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Ant Group soon to be restructured for the benefit of the Chinese authorities

Ant Group will be reorganized into a financial holding company to be headed by the Chinese Central Bank. After months of turmoil, the fintech company has submitted a restructuring plan to the authorities. According to PBOC Deputy Governor Pan Gongsheng, five major changes are being requested by the Chinese authorities, including changing governance, and reviewing asset management.

Anne Kings

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The cancelation of Ant Group’s IPO and Beijing’s request to reshape its activities have heralded major changes within the fintech company for the benefit of the Chinese government. According to the Wall Street Journal, the changes will soon be done. Senior Chinese officials have asked Alibaba’s financial branch to transform itself into a holding company. 

The legal framework for financial holding companies provides for stricter supervision of shareholding, financing management, and more generally of the company while obliging investments in financial subsidiaries. Moreover, this holding company will be supervised by the Chinese Central Bank (PBOC). Thus, Beijing should be able to monitor and control Jack Ma’s company.

After months of turmoil, the fintech company has submitted a restructuring plan to the authorities. The details are not yet known but will be released shortly. A source close to the subject said that the matter should be settled in mid-February. Ant has formed a working group headed by its managing director, Simon Hu, and has appointed a compliance officer to lead the restructuring.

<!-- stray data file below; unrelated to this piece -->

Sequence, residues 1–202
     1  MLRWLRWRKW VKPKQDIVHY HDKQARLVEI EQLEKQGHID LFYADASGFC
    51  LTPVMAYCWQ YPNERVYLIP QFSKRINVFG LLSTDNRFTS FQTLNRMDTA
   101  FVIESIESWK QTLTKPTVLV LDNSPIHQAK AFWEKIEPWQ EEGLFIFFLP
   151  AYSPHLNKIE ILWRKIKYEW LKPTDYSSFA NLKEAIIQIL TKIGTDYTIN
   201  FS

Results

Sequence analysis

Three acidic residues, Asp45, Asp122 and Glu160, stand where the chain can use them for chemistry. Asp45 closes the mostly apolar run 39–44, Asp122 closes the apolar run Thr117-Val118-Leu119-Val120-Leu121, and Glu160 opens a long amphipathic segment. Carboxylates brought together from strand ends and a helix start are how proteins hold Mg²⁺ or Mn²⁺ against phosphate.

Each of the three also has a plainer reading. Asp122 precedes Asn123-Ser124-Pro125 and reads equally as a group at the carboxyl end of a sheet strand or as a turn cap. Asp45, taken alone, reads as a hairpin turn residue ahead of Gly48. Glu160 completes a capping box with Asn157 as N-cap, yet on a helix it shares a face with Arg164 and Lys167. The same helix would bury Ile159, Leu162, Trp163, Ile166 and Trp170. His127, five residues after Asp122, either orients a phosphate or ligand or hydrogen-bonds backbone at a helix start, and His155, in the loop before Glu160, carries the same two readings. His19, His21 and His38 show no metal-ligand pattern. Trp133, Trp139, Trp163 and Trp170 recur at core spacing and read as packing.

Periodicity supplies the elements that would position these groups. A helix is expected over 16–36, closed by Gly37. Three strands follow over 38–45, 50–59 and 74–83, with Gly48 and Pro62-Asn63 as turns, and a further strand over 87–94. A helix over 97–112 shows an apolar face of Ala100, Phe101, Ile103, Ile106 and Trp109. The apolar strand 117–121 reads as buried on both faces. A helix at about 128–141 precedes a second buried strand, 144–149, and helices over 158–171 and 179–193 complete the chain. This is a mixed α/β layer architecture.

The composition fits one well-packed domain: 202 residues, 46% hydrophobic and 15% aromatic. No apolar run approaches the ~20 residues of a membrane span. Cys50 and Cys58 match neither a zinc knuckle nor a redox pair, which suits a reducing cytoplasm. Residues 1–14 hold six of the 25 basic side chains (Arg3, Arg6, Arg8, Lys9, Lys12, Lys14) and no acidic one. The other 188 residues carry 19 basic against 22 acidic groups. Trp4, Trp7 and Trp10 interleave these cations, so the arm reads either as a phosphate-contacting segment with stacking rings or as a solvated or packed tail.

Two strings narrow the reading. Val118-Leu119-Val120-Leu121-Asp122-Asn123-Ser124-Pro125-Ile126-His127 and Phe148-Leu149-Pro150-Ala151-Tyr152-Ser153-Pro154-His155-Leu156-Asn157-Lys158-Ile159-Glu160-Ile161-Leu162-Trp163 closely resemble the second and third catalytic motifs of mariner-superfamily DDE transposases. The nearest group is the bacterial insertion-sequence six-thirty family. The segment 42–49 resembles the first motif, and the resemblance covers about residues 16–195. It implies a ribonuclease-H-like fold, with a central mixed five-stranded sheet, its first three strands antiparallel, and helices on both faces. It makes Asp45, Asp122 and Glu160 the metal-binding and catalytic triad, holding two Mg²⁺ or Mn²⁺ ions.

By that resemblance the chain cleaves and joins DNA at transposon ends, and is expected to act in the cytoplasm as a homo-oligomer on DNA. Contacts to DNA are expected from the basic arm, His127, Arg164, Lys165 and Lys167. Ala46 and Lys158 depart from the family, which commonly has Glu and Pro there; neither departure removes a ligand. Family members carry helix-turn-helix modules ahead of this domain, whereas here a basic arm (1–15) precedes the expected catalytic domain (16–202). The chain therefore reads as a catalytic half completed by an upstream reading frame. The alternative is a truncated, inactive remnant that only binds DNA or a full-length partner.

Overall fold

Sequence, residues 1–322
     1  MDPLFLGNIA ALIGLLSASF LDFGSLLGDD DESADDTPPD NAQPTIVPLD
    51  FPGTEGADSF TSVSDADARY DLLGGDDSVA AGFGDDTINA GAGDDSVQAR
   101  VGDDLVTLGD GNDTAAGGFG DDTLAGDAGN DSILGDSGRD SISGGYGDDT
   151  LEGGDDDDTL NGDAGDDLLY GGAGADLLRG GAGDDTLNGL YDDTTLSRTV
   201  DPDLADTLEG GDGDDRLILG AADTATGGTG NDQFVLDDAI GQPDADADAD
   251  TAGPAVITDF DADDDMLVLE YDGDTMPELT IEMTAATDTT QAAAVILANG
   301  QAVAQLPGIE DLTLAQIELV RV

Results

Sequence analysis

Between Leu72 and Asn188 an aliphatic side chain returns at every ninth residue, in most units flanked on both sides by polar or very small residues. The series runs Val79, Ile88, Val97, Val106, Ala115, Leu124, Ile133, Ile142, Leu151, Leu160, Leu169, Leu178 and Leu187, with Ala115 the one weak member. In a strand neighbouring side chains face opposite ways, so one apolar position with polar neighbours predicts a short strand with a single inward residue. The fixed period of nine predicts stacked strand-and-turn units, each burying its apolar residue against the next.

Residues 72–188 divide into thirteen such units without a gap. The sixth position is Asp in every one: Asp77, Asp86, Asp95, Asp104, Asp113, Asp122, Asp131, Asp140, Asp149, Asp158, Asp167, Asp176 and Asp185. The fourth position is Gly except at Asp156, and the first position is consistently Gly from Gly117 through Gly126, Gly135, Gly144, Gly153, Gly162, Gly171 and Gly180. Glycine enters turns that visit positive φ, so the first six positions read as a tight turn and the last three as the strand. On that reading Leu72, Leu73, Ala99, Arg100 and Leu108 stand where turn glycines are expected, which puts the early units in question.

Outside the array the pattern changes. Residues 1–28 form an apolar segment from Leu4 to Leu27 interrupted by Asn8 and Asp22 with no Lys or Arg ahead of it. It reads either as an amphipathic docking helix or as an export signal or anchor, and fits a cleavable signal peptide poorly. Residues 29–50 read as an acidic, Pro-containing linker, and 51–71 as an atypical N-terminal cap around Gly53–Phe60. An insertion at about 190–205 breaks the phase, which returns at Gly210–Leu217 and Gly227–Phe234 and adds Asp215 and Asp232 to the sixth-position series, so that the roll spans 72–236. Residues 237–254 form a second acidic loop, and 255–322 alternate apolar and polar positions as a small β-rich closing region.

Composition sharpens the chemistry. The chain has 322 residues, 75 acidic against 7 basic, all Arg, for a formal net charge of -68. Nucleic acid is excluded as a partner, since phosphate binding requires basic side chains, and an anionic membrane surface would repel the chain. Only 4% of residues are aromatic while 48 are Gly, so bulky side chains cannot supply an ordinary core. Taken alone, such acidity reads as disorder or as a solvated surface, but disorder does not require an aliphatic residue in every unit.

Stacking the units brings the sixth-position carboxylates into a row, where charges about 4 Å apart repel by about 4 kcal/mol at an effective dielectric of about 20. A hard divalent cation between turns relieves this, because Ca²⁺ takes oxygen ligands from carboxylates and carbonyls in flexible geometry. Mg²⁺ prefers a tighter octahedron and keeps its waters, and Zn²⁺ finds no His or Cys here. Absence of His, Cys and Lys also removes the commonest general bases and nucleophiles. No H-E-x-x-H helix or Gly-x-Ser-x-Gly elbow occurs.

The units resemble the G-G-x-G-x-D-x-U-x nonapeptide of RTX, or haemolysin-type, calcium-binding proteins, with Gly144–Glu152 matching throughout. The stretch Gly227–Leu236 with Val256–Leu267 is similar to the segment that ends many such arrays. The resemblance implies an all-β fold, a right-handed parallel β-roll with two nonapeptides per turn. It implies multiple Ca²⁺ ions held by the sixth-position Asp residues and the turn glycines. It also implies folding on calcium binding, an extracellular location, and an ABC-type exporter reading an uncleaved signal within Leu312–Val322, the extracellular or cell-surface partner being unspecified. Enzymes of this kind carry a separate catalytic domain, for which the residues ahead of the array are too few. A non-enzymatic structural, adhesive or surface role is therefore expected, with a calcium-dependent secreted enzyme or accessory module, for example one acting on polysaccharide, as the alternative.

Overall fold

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Any changes will be made under the watchful eye of the Financial Stability and Development Committee, which will give final approval

According to PBOC Deputy Governor Pan Gongsheng, five major changes are being requested by the Chinese authorities: returning to the original payment activity, retaining personal data from lending activities, creating a financial holding company, changing governance, and reviewing asset management. 

The issue of data is the sinews of the war, and the company has collected millions of data that are used to grant, or not grant, loans and financial services. Ant is currently working on the architecture of its databases in order to set up protocols compatible with those of the banks. Also, a less official objective for the State would be to take advantage of this holding company to distribute its digital yuan more widely when it is put into circulation.

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Ant has “scorned” the laws and “indulged in regulatory arbitrage”, Beijing says stop

“Financial regulators were concerned about Ant’s regulatory arbitrage practices, which would have allowed the company to paint a positive picture of its financial situation and conceal the financial risks generated by its aggressive expansion into new business areas,” said Eswar Prasad, former head of the China Division at the International Monetary Fund.

Ant Group owns Alipay, which has more than one billion users in China. The payment application has processed more than $17 trillion in transactions and provided loans to some 500 million people. The latter activity has been strongly criticized by the authorities because fintech positions itself as an intermediary between the banks granting the loan and individuals. The risks to the company are thus largely minimized. For the government, this could threaten the banking system. In December 2020, following a meeting on Ant’s future, Pan Gongsheng criticized the group for “disregarding” laws and “engaging in regulatory arbitrage.

For the moment, opacity reigns. Neither a spokesman for Ant Group, nor the PBOC, nor the Chinese Banking and Insurance Regulatory Commission, nor the State Council have commented.

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(Featured image by Goodfreephotos_com via Pixabay)

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First published in SiecleDigital, a third-party contributor translated and adapted the article from the original. In case of discrepancy, the original will prevail.

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Anne Kings is a reporter for the financial sector, often tackling Wall Street and shareholders' interests. She also covers the intersection of media and technology, and delves into interesting topics on entertainment. Sometimes she also writes about the cannabis industry, in particular CBD and hemp. She is currently based in New York.